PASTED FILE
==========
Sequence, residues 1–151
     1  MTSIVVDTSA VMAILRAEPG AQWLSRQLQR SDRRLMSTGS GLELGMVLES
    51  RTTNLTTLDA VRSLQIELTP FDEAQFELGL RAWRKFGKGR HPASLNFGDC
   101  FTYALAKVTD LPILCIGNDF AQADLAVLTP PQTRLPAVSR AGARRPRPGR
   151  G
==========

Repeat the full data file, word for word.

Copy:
Sequence, residues 1–151
     1  MTSIVVDTSA VMAILRAEPG AQWLSRQLQR SDRRLMSTGS GLELGMVLES
    51  RTTNLTTLDA VRSLQIELTP FDEAQFELGL RAWRKFGKGR HPASLNFGDC
   101  FTYALAKVTD LPILCIGNDF AQADLAVLTP PQTRLPAVSR AGARRPRPGR
   151  G